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digitalmars.D.learn - Can someone give me a little program design advice please?

reply "Gary Willoughby" <dev kalekold.net> writes:
I'm writing a little program in D to perform some database 
operations and have a small question about design.

Part of my program watches a log file for changes and this 
involves code which is wrapped up in a class. So the usage is 
something like this:

auto fileWatcher = new FileWatcher(fileName);
fileWatcher.onChange(delegate);
fileWatcher.start();

Once the start method is called a loop is entered within the 
class and the file is watched. Changes are handle through calling 
the registered delegate. The loop uses different watch methods 
for different platforms.

What i need to be able to do is to stop the current watch and 
change the watched file.

Because this is in an infinite loop, i can't check externally 
i.e. outside of the class, if i need to break from the loop 
simply because control never returns to the caller of the start() 
method.

Am i missing something simple here? Any advice is welcome. I 
thought about threading and message passing but that's maybe 
overkill for something as simple as this?

I've also put this question on stackoverflow here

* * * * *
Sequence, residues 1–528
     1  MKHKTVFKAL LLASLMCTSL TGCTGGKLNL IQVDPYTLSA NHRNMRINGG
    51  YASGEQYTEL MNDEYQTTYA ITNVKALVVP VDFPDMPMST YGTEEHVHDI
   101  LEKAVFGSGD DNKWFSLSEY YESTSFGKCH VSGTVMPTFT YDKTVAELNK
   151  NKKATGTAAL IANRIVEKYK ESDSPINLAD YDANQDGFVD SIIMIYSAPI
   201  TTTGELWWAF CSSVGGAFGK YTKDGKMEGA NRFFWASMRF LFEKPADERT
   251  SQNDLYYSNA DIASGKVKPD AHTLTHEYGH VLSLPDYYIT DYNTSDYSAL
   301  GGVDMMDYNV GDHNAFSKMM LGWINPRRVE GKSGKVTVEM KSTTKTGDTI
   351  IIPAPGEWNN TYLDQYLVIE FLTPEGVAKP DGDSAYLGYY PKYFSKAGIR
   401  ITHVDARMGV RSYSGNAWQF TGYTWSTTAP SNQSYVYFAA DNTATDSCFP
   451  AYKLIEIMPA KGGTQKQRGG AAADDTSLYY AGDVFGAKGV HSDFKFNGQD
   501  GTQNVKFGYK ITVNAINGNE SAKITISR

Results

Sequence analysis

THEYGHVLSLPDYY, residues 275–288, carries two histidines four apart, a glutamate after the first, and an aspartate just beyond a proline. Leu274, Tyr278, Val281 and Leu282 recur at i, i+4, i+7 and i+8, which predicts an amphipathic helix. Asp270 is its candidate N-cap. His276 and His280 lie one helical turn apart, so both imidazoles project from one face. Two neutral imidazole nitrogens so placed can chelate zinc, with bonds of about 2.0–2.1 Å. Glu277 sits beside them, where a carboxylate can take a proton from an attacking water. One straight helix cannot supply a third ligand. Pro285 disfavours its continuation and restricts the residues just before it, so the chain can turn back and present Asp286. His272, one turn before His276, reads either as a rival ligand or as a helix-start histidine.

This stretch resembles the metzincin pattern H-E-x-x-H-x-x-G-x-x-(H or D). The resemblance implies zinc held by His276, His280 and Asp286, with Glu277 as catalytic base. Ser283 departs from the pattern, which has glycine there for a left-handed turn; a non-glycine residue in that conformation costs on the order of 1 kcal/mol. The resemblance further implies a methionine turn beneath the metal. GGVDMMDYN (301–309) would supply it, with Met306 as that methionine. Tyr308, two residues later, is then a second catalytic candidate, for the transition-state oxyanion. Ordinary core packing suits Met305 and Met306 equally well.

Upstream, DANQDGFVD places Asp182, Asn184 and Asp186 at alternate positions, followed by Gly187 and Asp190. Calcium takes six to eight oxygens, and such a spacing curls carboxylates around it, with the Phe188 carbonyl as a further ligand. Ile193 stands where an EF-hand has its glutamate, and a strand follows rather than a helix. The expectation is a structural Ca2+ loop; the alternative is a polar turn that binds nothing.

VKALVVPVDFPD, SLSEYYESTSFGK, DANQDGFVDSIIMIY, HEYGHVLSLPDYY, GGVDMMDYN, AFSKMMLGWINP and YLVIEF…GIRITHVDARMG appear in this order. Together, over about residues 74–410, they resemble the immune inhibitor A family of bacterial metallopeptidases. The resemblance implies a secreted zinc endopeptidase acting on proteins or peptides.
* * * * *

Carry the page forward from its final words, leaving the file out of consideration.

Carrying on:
http://stackoverflow.com/questions/17134809/how-to-check-global-events-inside-an-infinite-loop-within-a-class
Jun 16 2013
next sibling parent reply "Regan Heath" <regan netmail.co.nz> writes:
On Sun, 16 Jun 2013 16:27:27 +0100, Gary Willoughby <dev kalekold.net>  
wrote:

 I'm writing a little program in D to perform some database operations  
 and have a small question about design.

 Part of my program watches a log file for changes and this involves code  
 which is wrapped up in a class. So the usage is something like this:

 auto fileWatcher = new FileWatcher(fileName);
 fileWatcher.onChange(delegate);
 fileWatcher.start();

 Once the start method is called a loop is entered within the class and  
 the file is watched. Changes are handle through calling the registered  
 delegate. The loop uses different watch methods for different platforms.